Maybe it’s because of all the leaves changing from green to orange, red, and yellow around the area. Or the colder weather with its’ gray skies and recent rain. Whatever the reason, as soon as Halloween was over, I started thinking about Thanksgiving.
… Although Thanksgiving in Canada has already passed as I write this—Canadians celebrate Thanksgiving on the second Monday in October, while Americans in the United States celebrate on the fourth Thursday in November. Both Thanksgivings celebrate the holiday with a celebratory feast giving thanks for the year’s harvest.
In the United States, most people think of the First Thanksgiving observed by the Pilgrims in 1621; however, it didn’t become a federal holiday until 1863. (Before that, it’d been celebrated on and off since 1789 when George Washington first proclaimed the fourth Thursday in November as Thanksgiving.)
The Canadian version of the First Thanksgiving goes back to a feast observed by Martin Frobisher in 1578, when he decided to celebrate his safe landing in Nunavut after having lost one of his ships on a dangerous journey to explore Canada. Later in 1859, Canadian Protestants wanted to thank God for the good harvests, so petitioned for an official Thanksgiving day. It then went on to become a national holiday in 1957.
Whatever the reason for the feast, I think that autumn is most definitely a welcome time to eat it. Thanksgiving tradition in the U.S. calls for serving turkey as the main dish—so much so that Thanksgiving is now also known as Turkey Day. (Why turkey? Some say the practical English already used turkeys for celebratory feasts because of the birds’ large size, but that’s only one of a few theories.) As you may know, other Thanksgiving dishes commonly include mashed potatoes with gravy, stuffing, sweet potatoes, cranberry sauce, green beans, and sweet corn. … Ah, yes, sweet corn.
Corn was new to the Europeans settling America—introduced to them by the Native American tribes. Corn—or maize—was a main staple to many tribes, brought to them most often by a corn goddess, often known as “Corn Mother” or “Corn Maiden”.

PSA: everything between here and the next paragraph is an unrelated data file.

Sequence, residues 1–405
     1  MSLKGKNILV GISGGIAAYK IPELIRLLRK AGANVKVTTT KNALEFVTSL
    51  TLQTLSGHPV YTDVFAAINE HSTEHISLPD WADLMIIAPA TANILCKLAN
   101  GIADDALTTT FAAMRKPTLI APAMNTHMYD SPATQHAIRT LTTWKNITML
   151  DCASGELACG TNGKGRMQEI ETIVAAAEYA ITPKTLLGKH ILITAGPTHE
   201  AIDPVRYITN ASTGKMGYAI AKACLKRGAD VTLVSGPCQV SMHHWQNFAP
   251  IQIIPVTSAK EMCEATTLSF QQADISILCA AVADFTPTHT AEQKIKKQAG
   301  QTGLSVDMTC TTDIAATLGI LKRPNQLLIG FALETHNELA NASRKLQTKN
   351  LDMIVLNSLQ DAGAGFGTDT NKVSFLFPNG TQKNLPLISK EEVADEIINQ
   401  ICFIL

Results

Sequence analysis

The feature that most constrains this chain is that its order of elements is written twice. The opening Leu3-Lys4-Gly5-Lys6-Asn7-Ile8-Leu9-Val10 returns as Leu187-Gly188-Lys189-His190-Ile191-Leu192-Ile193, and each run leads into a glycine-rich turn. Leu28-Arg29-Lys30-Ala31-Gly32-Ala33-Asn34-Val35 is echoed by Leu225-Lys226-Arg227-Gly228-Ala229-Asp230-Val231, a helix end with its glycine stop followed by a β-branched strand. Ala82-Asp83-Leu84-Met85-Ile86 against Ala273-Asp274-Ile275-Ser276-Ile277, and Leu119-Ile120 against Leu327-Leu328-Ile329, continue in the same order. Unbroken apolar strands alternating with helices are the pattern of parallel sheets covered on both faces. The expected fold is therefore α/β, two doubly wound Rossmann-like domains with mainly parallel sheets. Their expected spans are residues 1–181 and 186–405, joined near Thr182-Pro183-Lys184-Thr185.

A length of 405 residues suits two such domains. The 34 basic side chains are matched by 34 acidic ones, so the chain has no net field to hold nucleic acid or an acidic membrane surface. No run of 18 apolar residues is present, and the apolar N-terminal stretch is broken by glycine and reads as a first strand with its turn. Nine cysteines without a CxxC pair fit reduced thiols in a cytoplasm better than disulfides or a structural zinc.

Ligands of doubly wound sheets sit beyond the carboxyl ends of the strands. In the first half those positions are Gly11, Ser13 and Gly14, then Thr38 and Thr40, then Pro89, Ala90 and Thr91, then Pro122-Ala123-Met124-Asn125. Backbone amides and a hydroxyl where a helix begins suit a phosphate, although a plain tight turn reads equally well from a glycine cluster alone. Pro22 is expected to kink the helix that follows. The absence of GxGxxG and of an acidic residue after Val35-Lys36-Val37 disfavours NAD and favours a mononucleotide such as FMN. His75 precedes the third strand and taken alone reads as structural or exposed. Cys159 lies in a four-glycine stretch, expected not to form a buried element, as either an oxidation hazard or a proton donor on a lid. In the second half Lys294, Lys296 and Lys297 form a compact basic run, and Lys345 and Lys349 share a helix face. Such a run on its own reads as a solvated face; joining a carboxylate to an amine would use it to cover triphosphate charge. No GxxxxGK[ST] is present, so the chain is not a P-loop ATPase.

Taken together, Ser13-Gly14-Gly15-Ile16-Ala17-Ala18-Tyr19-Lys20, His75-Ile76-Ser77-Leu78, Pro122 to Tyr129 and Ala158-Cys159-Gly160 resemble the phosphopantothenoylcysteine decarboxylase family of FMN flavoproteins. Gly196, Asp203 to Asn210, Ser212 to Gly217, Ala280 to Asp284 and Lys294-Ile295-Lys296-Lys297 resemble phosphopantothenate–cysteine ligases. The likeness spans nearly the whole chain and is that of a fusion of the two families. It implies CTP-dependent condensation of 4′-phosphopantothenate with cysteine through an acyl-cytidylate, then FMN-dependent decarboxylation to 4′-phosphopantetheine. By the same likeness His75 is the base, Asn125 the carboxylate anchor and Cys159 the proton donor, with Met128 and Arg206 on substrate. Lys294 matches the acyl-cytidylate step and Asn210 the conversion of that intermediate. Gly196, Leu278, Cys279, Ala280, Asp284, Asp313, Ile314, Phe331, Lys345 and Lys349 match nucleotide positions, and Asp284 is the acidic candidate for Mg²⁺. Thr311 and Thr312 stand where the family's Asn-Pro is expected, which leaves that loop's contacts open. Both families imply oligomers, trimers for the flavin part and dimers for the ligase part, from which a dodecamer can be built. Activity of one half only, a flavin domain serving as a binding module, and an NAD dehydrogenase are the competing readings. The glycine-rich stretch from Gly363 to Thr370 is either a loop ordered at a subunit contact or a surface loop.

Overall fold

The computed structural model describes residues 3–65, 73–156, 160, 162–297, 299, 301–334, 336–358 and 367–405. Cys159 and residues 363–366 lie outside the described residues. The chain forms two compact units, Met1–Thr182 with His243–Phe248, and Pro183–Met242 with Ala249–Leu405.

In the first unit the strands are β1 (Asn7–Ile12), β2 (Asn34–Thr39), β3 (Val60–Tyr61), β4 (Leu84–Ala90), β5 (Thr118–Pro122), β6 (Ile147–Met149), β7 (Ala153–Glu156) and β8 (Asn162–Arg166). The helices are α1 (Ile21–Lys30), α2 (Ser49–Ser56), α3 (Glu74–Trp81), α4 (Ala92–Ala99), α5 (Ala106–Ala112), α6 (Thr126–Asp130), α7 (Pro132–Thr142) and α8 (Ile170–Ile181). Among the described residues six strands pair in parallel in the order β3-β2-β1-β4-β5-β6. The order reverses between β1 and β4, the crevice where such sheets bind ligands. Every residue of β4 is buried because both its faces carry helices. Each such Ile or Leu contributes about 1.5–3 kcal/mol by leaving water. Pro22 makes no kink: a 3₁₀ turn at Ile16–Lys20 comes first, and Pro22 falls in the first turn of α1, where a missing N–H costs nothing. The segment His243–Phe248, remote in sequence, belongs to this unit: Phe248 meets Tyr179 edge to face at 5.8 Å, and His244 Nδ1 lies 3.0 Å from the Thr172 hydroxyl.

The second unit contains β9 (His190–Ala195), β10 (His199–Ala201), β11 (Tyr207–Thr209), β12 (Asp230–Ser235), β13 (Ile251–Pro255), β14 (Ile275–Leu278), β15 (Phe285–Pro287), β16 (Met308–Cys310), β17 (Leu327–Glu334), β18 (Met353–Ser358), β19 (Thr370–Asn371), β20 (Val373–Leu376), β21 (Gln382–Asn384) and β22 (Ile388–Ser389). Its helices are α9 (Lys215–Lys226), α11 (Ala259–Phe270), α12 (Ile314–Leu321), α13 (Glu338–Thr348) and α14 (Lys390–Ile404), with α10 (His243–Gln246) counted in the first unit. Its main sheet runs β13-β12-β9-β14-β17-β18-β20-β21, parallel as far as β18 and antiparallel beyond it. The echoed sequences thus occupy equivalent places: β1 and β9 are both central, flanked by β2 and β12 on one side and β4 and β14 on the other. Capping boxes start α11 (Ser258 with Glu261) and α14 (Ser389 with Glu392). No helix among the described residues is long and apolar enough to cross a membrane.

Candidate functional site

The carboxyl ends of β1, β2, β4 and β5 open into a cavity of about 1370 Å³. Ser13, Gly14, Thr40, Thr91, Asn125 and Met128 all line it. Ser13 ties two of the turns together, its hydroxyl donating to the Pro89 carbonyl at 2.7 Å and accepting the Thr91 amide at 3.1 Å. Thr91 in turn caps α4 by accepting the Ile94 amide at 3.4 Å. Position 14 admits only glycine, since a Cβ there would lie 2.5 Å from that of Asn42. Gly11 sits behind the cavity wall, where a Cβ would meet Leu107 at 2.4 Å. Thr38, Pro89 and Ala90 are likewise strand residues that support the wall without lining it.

In what is known as the “immolation version” of the myth, an old woman known as the Corn Mother feeds her hungry people corn which she produces in some revolting way—often by rubbing sores off her body, defecating it out, washing it from her feet, or … uh, yeah, you get the picture. Of course the people eventually find out where the corn is coming from, and, disgusted, they accuse her of witchcraft and refuse to eat it. Sometimes she tells the people to kill her and sometimes they sentence her to death. Either way, she gives special instructions on what to do with her corpse, which results in corn sprouting in places where her body has been, or is. Thus, the tribe is left with a replenishable food source.
Another version—called the “flight version”—says the Corn Maiden is young and beautiful. She marries a man from the tribe who is suffering from hunger. Just as the Corn Mother secretly produced corn, the Corn Maiden also secretly produces corn in some repugnant way only to be discovered by her in-laws. In this take of the tale, the Corn Maiden flees back to her divine home, but is chased by her husband. Once caught, the Corn Maiden gives him seed corn with instructions on how to grow it before sending him back to feed his tribe.
So, now that you know about the rather gross origin of corn, I’m not sure you’ll want to eat it with your Thanksgiving meal. Or maybe you will? Either way, have a Happy Thanksgiving! 🙂